- The Washington Times - Sunday, August 22, 2004

NORFOLK — Rita Hutton is getting closer to her goal of building a place where relatives of those who died while working on Virginia’s waters can gather to remember.

Land has been donated. A model of the design — a boy wearing overalls and standing next to a pair of adult-size boots, with a lighthouse in the background — has been created.

Now, Mrs. Hutton and the nonprofit group she founded, Friends of Virginia Waterman’s Memorial on the Eastern Shore, are trying to raise more than $200,000 to build and maintain the memorial on Virginia’s Eastern Shore, a peninsula separating the Chesapeake Bay from the Atlantic Ocean.

They’ve got a good start: A woman who, like Mrs. Hutton, lost a fisherman son, donated $5,000 before she died last year. The group also has begun sending out solicitation letters, mostly to businesses.

The group is gathering names to be listed on a wall of granite at the memorial site. They have about 70 names, according to the group’s Web site (www.virginiaslostatsea.org/index.htm).

“These guys need a lot of recognition. It if wasn’t for them, we wouldn’t have our seafood the way we’re getting it now,” Mrs. Hutton, 73, said in a phone interview from her home in Oyster, a small fishing village.

The memorial is to be built on a 20-by-40-foot plot overlooking the harbor in Oyster. Northampton County is letting the group use the land for free under a 50-year easement, Mrs. Hutton said.

Last year, the group held a design contest for students from schools statewide. The winner was Elizabeth Weir, then an 11th-grader at Great Bridge High School in Chesapeake. She submitted a pencil drawing of a boy standing next to a pair of empty boots.

That “was what the story is all about,” Mrs. Hutton said. “It’s who these men left behind, that little boy, that child.”

The design has been expanded to include a lighthouse with a perpetual light, walkways and meditation benches. The wall of names will stand on the opposite end of the grounds.

The monument will be for watermen, or commercial fishermen, and anyone else who dies while working on the water, including tugboat operators, rescuers and divers.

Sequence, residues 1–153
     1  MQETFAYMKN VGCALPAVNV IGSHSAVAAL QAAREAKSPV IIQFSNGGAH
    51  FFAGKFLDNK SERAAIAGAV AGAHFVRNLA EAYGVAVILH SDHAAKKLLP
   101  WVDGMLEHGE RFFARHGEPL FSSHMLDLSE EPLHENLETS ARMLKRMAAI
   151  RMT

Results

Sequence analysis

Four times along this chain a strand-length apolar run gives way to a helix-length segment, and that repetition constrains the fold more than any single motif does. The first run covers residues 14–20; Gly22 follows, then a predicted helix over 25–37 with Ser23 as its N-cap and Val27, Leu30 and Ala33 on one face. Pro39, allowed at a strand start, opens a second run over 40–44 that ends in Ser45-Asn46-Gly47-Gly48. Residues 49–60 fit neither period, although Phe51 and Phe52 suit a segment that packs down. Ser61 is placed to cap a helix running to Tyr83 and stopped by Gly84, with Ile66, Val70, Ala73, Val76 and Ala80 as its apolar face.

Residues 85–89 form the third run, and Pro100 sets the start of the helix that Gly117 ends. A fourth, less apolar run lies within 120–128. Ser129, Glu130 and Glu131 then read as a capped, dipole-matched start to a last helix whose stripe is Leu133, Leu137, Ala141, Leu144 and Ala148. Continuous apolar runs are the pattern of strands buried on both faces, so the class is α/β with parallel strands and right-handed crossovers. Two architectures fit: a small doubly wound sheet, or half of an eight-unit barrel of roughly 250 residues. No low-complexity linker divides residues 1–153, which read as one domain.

Danny McReady, who runs the group’s Web site, became involved with the group in part because his wife’s brother died while working on the water more than 30 years ago.

“We have memorials to honor policemen and our firemen, and the Vietnam Memorial and recently the World War II Memorial,” said Mr. McCready, the former town manager on Tangier Island, off the Eastern Shore. “Since so many [watermen] in Virginia have actually lost their lives, we feel they should be honored.”

Mrs. Hutton has been leading this project for several years, spurred on by her son’s death in a clam-boat accident in New Jersey in 1992. Michael Hutton’s body was never found, but his mother said she got some comfort from having his name on a fishermen’s memorial in New Jersey. That’s why she wants to establish a monument in Virginia, to give others mourning the lost at sea a place to reflect and pray.

Her son’s name will not be on the Virginia memorial.

“I’m not doing it for myself,” Mrs. Hutton said of the project. “I’m doing it for the whole state of Virginia.”

“I have not accepted my son’s death as of today,” she said. “I know how hard it is. If these mothers and fathers and children can come to a place and put flowers for holidays and talk to them, I feel that my son did not die in vain.”

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